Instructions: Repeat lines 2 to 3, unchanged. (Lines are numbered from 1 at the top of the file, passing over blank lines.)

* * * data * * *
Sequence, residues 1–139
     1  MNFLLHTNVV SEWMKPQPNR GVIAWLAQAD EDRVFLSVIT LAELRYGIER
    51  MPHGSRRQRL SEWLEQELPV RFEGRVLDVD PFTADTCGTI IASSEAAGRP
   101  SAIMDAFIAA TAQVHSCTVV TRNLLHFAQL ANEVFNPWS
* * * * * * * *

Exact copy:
     1  MNFLLHTNVV SEWMKPQPNR GVIAWLAQAD EDRVFLSVIT LAELRYGIER
    51  MPHGSRRQRL SEWLEQELPV RFEGRVLDVD PFTADTCGTI IASSEAAGRP